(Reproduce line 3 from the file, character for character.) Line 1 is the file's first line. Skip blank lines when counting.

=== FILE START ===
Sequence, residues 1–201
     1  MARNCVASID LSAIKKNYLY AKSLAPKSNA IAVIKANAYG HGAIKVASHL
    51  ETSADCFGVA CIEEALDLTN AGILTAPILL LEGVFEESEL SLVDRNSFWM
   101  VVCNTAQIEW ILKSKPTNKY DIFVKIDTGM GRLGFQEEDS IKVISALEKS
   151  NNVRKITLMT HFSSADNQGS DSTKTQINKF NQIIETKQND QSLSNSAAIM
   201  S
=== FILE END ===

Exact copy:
    51  ETSADCFGVA CIEEALDLTN AGILTAPILL LEGVFEESEL SLVDRNSFWM